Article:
Valieva’s Doping Scandal Stirs Controversy



Kamila Valieva skates in the Russian Championship.

A massive doping scandal shrouded the 2022 Winter Olympics in controversy as the International Olympic Committee (IOC) chose to allow the Russian Olympic Committee’s Kamila Valieva to continue competing in the women’s figure skating final round after the release of a failed drug test that was positive for a banned heart medication. The decision followed the release of a 40-page report drafted by an emergency three-person panel from the Court of Arbitration for Sport (CAS) stating the 15-year-old skater was not to blame for the delay in results from a drug test taken in late December. The panel pointed out that Valieva had tested negative twice since then and that the 44-day delay in results was due to a Covid-induced staffing shortage at the laboratory in Stockholm. 

Furthemore, the CAS’s ruling was influenced by the fact that Valieva is a minor and is therefore subject to different rules than an adult athlete. The CAS also cited that Valieva’s test was administered two months before the competition and the testing facility failed to release the result on time. Valieva and a team of lawyers have decided to fight the International Olympic Committee during the investigation with the argument that the teenager inadvertently ingested the banned substance. The CAS panel, however, states that they have not been provided with any evidence supporting the Russian skater’s claim.

Valieva tested positive for three heart medications: Hypoxen, L-carnitine, and Trimetazidine (or TMZ), a drug that is on the World Anti-Doping Agency (WADA) prohibited list. US Anti-Doping Agency chief executive Travis Tygart commented on the case, and said “The trifecta of substances Valieva took seem to be aimed at increasing endurance, reducing fatigue, and promoting greater efficiency in using oxygen.” It is typically prescribed to older patients with heart-related conditions and helps the body use oxygen and relieve chest pain with the increased metabolism of fatty acids. Because the  increase in lung capacity is said to potentially improve stamina and endurance in athletes, the WADA categorizes it as a hormone and metabolism modulator. However, experts say that there has only been a small amount of research done on the performance-enhancing effects of TMZ and that the substance might not even have a positive impact on elite athletes like Valieva. The drug is not recommended for people under 18 because its side effects include dizziness, headache, abdominal pain, and diarrhea; these could derail an athlete’s performance. A cardiologist at USC even went as far as saying that the potential positives of taking the drug for performance-enhancing purposes could be outweighed by the multitude of negative side effects.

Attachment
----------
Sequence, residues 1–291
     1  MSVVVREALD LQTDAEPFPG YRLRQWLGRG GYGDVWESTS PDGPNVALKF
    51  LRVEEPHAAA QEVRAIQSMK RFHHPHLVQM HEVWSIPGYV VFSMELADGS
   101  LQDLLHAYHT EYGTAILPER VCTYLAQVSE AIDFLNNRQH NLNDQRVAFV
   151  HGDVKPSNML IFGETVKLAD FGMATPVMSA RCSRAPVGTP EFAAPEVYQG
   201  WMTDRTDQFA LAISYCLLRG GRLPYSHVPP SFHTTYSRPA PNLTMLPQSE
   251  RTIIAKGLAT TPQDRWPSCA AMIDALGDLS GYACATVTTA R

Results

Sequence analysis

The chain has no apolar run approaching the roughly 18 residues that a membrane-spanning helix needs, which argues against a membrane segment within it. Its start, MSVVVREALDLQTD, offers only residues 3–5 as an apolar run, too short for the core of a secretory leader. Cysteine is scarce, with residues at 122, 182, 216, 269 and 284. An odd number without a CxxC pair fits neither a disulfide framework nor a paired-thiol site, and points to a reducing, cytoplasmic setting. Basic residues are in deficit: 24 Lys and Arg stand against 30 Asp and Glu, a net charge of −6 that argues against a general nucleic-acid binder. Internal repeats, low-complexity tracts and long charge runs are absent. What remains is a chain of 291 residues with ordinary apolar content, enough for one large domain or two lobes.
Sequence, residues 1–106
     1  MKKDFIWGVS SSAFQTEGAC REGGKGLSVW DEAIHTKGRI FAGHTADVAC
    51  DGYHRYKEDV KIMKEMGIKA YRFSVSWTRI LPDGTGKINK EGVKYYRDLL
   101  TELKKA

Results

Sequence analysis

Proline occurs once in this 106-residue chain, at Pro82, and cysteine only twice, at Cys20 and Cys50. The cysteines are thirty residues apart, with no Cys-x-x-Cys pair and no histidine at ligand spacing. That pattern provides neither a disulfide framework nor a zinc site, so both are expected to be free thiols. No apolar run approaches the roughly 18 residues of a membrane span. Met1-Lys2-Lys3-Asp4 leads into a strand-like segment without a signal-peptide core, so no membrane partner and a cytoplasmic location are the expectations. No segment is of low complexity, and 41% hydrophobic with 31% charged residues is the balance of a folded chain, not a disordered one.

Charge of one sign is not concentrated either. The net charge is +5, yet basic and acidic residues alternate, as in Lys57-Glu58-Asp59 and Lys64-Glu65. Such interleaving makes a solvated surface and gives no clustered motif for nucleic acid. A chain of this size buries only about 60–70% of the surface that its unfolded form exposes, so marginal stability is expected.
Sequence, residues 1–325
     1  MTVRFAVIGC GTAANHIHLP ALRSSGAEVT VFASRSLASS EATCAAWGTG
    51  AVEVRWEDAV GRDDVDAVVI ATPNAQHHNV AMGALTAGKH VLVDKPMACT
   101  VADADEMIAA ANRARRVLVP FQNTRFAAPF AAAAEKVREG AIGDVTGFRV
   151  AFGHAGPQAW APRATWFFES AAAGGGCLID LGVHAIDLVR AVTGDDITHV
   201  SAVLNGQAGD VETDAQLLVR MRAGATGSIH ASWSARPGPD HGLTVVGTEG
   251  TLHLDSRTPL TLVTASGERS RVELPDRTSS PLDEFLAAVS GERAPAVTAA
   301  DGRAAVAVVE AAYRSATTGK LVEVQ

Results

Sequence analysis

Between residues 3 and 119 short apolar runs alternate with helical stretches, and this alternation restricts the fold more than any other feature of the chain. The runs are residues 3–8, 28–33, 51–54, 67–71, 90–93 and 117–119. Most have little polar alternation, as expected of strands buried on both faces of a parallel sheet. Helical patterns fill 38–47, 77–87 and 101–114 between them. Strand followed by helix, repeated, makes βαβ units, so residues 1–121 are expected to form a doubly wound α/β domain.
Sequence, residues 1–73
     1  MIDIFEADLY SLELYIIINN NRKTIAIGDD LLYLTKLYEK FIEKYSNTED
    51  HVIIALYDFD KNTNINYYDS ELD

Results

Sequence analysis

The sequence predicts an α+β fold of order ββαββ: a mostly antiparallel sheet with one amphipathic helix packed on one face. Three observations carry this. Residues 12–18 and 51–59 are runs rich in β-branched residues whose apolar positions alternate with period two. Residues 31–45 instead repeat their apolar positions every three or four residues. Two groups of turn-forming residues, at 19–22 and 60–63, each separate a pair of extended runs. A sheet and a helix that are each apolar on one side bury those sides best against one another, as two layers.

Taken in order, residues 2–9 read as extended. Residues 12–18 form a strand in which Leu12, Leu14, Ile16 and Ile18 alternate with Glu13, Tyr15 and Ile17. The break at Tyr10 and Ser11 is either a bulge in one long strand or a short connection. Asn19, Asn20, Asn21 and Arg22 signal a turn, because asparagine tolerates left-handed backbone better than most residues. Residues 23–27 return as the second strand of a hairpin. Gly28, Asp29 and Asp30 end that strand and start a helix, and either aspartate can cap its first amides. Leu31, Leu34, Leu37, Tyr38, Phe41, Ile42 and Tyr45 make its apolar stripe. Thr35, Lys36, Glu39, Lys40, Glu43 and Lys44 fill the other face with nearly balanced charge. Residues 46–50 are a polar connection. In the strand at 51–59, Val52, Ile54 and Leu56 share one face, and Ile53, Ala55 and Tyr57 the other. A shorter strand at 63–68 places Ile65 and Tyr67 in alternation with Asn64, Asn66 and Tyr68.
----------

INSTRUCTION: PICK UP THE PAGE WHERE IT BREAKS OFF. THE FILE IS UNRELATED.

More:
The scandal has prompted a worldwide anti-doping movement led by the U.S. Olympic skating team. The CAS’s ongoing investigation of Valieva has subsequently led to them postponing the medal ceremony, forcing the U.S. skaters to return home empty-handed. The U.S. team’s co-captain, Evan Bates, testified to the CAS panel in hopes of forcing the International Olympic Committee to give the nine athletes their medals before they left Beijing. Bates and his teammates insisted that the issue is not necessarily the absence of a medal, but the crumbling integrity of their sport. They argued that there needs to be more action taken against all doping issues to promote clean competition. This came after a 1-hour-and-40-minute meeting with Thomas Bach, the president of the International Olympic Committee, in which the U.S. skaters lamented how they were being punished for another athlete’s mistake and the failures in the organization’s anti-doping policies.

Kamila Valieva’s case is still ongoing as outcry over the integrity in the Olympic Games and pattern of doping among athletes reaches an all-time high. Speculation swirls around the delay in her test results, her position as a minor, and the question of whether Trimetazidine would actually enhance her performance.